This Renaissance style palace has been the official residence of the Prince of Monaco and the Grimaldi Family since the end of the 13th Century. It is an ancient fortress located in the highest part of The Rock. Inside it has halls similar to those of the Palace of Versailles and offers a breathtaking panoramic view of the harbor and Monte Carlo. The Palace and its inhabitants became a symbol of glamour in the 19th and early 20th centuries, reaching its peak when American movie star Grace Kelly became Princess of Monaco in 1956.
Monaco: Formula 1 Circuit
The Formula One Monaco Grand Prix takes place in the streets of Monte Carlo during the last week of May. It starts at the Monte Carlo Casino and is organized by the Automobile Club of Monaco. This prestigious race has been held since 1929 on a 3.34-kilometer circuit through the narrowest and most twisted streets of Monte Carlo. Almost 40,000 spectators can feel the pace of the single-seaters at full speed. The route to walk around the circuit is marked on all maps.
3. San Marino: 61 km²
Officially called the Most Serene Republic of San Marino, it is the oldest sovereign state in the world. Surrounded by Italian territory, it is the only state that remained independent after the unification of Italy. They have the oldest written constitution still in force and the only republican constitution written in Latin. San Marino is composed of a few cities whose capital, the City of San Marino, is located on top of a mountain. The historic center and Mount Titano have been a UNESCO World Heritage Site since 2008.
San Marino: The three towers
The three castles or towers that stand on top of Mount Titano are the symbol par excellence of San Marino. They are called Torre Guaita (the oldest, dating back to the 11th century), Torre Cesta (the highest point in the country) and Torre Montale. The first two are open to visitors, but beyond the museums or exhibitions they house, the views they have over the city and the Adriatic Sea are the most amazing thing.
San Marino: San Marino Basilica
A Catholic church in neoclassical style dedicated to the founder and patron saint of San Marino, San Marinus and guarding his relics. It is the main church of San Marino and has been rebuilt several times, most recently in the 19th century.
San Marino: Freedom Square
This small square offers a wide view and, at the same time, is flanked by government buildings, including the Palazzo Pubblico, which serves as the town hall and the seat of the main institutions of the Republic. The statue (Statua della Libertà) in the center of the square is sculpted in Carrara marble.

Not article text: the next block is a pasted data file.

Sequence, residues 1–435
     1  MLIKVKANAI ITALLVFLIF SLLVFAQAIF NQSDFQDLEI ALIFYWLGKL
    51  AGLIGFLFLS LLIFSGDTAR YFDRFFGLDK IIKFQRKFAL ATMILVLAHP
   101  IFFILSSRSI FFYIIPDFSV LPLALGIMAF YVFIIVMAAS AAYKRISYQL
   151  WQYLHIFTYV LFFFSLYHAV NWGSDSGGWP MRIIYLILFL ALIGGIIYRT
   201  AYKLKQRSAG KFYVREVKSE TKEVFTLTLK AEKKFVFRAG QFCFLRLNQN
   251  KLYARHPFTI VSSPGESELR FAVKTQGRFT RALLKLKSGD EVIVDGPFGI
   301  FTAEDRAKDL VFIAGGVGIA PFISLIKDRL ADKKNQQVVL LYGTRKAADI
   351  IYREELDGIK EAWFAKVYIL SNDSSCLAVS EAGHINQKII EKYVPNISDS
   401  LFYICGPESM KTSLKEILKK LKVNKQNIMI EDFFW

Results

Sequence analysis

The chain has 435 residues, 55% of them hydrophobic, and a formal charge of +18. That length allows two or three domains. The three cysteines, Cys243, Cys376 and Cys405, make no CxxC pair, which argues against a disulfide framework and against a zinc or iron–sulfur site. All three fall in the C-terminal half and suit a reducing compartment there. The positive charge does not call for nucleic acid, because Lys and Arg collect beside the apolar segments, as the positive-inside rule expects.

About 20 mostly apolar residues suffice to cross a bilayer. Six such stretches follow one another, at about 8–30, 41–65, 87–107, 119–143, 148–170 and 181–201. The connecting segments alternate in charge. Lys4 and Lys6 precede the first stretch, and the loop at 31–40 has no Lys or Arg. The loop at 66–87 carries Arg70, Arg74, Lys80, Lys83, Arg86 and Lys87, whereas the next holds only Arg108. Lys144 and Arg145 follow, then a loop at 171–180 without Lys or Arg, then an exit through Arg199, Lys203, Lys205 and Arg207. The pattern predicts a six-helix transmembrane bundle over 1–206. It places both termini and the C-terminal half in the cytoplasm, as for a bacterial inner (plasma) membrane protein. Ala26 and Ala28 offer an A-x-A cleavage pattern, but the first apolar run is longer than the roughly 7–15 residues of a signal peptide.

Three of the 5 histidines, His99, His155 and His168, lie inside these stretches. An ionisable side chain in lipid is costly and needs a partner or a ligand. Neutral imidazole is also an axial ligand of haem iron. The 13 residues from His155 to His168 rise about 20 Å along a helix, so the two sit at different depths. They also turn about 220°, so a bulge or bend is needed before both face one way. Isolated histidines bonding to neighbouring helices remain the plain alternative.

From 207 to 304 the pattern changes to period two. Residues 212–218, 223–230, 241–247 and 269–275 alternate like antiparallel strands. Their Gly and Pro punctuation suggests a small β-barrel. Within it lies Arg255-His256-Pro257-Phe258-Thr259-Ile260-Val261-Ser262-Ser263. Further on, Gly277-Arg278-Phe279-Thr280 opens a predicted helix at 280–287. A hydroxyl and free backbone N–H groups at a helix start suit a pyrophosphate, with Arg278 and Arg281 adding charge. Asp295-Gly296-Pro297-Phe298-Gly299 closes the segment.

San Marino: Its streets
But if there is one thing San Marino City has, it is its charm on foot. The narrow cobblestone streets transport you to a medieval atmosphere. With hardly any cars, you can stroll around its corners, stores and restaurants.
4. Liechtenstein: 160 km²
Located between Switzerland and Austria, the Principality of Liechtenstein is the only surviving state of the more than 350 that made up the Holy Roman Empire. The Liechtenstein dynasty, from which the Principality takes its name, was among the most powerful noble families of the Holy Roman Empire. It is one of the richest countries in the world and a tax haven in the mountains.
It is the capital of the country and has barely five thousand inhabitants, but it is a fairytale city, at the foot of the mountains, on the banks of the Rhine and crowned by a castle with battlements. The castle of Vaduz is one of its icons and is the residence of the head of state since Prince Franz Joseph II made it his official residence. It is currently the official residence of Prince John Adam II of Liechtenstein and his family. Although the interior of the castle can not be visited, you can climb the hill and also walk through the vineyards of the Prince of Liechtenstein.
Liechtenstein: Cathedral of St. Florin
The Cathedral of St. Florin of Vaduz is the seat of the Catholic archdiocese of Vaduz. In neo-Gothic style, it was built between 1869 and 1874 on the foundations of a medieval church and elevated to cathedral by Pope John Paul II. Inside are the tombs of Prince Franz Joseph II, and his consort, Countess Georgina of Wilczek, as well as the least of their children.
Liechtenstein: Gutenbert Castle
The most visible symbol of Balzers is the medieval Gutenberg Castle, located on top of a hill and open in summer for all kinds of events. It may have been built around 1200 and from 1314 to 1824 was owned by the House of Habsburg, suffering numerous sieges, for example in the Thirty Years’ War (1618-1648). After 1750, the fortress fell into ruin until it was restored in the early 20th century. The State of Liechtenstein bought it in 1979.
Liechtenstein: Hiking trails
But if this small country stands out for anything, it is for its landscapes and, with it, its hiking trails. Perhaps the most famous is Fürstensteig, one of the most classic, next to the Three Sisters trail. It climbs up to 2-123 meters to offer spectacular views of the Swiss mountains and Austria. But there are also great cycling routes, such as the Drei Länder tour (the route of the three countries), which crosses the borders with Austria and Switzerland.
Malta: 316 km²